Aurora Cannabis Inc. announced Tuesday it is closing five of its production facilities and laying off about 700 workers as the pot giant continues restructuring its operations in a bid to achieve profitability. 

The Edmonton-based cannabis producer said in a statement it is closing five smaller-scale facilities in Quebec, Saskatchewan and Alberta this year to consolidate production at its four remaining plants, while booking a $60-million impairment charge related to the closures in its fourth quarter. Aurora also said it plans to take a $140-million charge related to a revaluation of its raw cannabis given shifting consumer demand. 

"We have undertaken a strategic realignment of our operations to protect Aurora's position as a leader in key global cannabinoid markets, most notably Canada," said Michael Singer, Aurora’s executive chairman and interim chief executive officer, in a statement. "Both the Canadian facility rationalization and inventory revaluation are expected to improve gross margins and accelerate our ability to generate positive cash flow." 

The company said in a statement that it will cut 25 per cent of its administrative staff while cutting 30 per cent of its production workforce. A spokesperson subsequently confirmed the total workforce reduction is approximately 700 people. 

Cantor Fitzgerald analyst Pablo Zuanic said in a research note published Tuesday that the smaller facilities accounted for about 40 per cent of Aurora's costs and the company remains on track to report positive adjusted earnings before interest, taxes, depreciation and amortization (EBITDA) in the next two quarters.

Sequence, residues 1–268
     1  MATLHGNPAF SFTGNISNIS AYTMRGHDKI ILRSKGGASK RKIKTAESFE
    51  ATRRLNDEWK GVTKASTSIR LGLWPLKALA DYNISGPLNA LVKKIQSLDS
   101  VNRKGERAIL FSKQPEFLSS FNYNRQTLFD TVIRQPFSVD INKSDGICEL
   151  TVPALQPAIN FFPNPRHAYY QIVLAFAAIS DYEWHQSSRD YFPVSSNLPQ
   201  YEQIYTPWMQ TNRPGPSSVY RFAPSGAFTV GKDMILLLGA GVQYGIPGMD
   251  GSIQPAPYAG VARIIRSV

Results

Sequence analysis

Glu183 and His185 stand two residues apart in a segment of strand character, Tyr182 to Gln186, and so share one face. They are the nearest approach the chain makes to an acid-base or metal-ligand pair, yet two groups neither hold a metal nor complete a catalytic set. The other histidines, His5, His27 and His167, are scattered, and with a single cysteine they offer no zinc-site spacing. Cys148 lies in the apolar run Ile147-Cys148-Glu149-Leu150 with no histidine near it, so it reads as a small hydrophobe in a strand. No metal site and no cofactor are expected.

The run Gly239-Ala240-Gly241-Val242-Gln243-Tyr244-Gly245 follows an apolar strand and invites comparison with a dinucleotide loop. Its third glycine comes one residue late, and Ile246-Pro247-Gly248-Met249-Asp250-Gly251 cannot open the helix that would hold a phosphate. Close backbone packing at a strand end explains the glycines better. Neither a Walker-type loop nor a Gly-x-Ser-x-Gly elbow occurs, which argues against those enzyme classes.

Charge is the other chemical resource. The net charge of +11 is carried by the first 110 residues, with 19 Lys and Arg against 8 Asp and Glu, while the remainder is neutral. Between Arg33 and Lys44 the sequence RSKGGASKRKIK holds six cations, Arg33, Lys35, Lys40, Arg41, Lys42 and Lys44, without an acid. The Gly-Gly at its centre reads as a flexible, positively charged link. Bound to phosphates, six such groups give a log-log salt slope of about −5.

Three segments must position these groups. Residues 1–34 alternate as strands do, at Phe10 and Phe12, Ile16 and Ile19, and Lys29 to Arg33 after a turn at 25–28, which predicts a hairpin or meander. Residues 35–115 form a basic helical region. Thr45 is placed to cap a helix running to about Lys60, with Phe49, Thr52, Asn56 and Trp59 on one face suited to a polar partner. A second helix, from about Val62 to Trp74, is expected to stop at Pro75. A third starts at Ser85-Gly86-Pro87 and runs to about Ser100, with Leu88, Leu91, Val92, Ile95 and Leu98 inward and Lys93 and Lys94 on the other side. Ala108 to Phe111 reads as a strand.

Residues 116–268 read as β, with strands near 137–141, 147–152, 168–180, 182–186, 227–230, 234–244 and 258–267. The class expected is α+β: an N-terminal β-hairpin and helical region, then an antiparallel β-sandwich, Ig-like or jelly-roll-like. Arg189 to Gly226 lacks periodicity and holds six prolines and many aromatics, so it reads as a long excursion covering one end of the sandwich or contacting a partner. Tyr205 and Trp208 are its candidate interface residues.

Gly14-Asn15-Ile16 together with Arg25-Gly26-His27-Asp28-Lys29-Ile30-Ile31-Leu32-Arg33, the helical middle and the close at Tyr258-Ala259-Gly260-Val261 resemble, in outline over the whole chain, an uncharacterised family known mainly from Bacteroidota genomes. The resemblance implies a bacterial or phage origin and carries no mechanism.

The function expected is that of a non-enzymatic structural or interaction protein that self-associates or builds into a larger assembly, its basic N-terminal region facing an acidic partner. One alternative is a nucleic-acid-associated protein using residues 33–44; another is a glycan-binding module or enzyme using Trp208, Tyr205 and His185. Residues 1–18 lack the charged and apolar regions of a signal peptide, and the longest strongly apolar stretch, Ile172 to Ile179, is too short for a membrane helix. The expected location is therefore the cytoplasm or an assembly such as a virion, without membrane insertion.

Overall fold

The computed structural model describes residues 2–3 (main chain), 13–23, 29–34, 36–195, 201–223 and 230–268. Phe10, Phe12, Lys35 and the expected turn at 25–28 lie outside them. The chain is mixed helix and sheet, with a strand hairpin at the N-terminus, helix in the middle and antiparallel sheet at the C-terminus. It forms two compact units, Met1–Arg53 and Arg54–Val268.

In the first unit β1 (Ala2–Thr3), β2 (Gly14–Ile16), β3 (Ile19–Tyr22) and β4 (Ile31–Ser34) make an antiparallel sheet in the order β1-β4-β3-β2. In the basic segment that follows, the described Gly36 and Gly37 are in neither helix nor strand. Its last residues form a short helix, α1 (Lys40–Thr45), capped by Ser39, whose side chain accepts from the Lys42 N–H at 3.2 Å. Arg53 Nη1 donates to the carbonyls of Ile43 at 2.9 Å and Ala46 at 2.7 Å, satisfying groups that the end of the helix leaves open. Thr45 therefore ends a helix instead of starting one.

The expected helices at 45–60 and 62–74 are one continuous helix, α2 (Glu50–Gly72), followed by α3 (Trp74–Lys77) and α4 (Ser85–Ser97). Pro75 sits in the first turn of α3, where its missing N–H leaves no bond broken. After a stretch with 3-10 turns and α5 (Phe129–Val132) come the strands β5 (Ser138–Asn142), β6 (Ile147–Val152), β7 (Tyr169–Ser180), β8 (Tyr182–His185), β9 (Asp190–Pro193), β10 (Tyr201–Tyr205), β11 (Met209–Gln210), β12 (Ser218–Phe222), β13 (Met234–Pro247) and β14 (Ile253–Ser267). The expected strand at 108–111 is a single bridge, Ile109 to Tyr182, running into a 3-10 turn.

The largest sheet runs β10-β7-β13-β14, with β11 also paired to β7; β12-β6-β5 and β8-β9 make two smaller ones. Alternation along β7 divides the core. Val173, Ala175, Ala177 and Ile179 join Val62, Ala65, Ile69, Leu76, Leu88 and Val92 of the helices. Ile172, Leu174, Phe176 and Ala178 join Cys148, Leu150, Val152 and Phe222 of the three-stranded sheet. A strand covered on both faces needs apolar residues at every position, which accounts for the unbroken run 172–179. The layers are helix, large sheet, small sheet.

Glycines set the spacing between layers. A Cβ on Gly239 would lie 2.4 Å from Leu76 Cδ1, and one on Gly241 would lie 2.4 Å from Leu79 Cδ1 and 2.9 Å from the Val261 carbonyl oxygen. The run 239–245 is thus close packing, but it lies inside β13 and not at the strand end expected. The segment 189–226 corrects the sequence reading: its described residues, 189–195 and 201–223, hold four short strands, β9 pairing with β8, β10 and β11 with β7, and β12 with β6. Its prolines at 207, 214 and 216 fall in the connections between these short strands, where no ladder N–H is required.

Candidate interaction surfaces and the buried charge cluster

Aurora's plant closures come several months after the company announced it would reduce its workforce by 500 staff while suspending construction of some of its production facilities in Alberta and taking a $1-billion writedown. 

Since then, other major cannabis producers in Canada have also announced plant closures, such as Canopy Growth Corp. and Tilray Inc. amid an oversupplied domestic market, higher costs associated with growing pot indoors, and pressure from investors to cut costs and show profits. 

An Aurora official told BNN Bloomberg that the company doesn't expect to see its total cannabis capacity decline as a result of the closures, stating that the remaining cultivation plants have been equipped with additional automation to offset any production shortfalls. 

The company official added that Aurora doesn't anticipate closing any additional facilities, with production expected to meet demand in the Canadian market for the next two to three years. 

Aurora said that with the workforce reductions, its selling, general and administrative expenses would be about $42 million in the fiscal first quarter, coming in line with the $40 million to $45 million rate it targeted in February when it made its initial job cuts.

It also said it now plans to restart production at its facility in Denmark which "can adequately service the European market" with medical-grade cannabis. 

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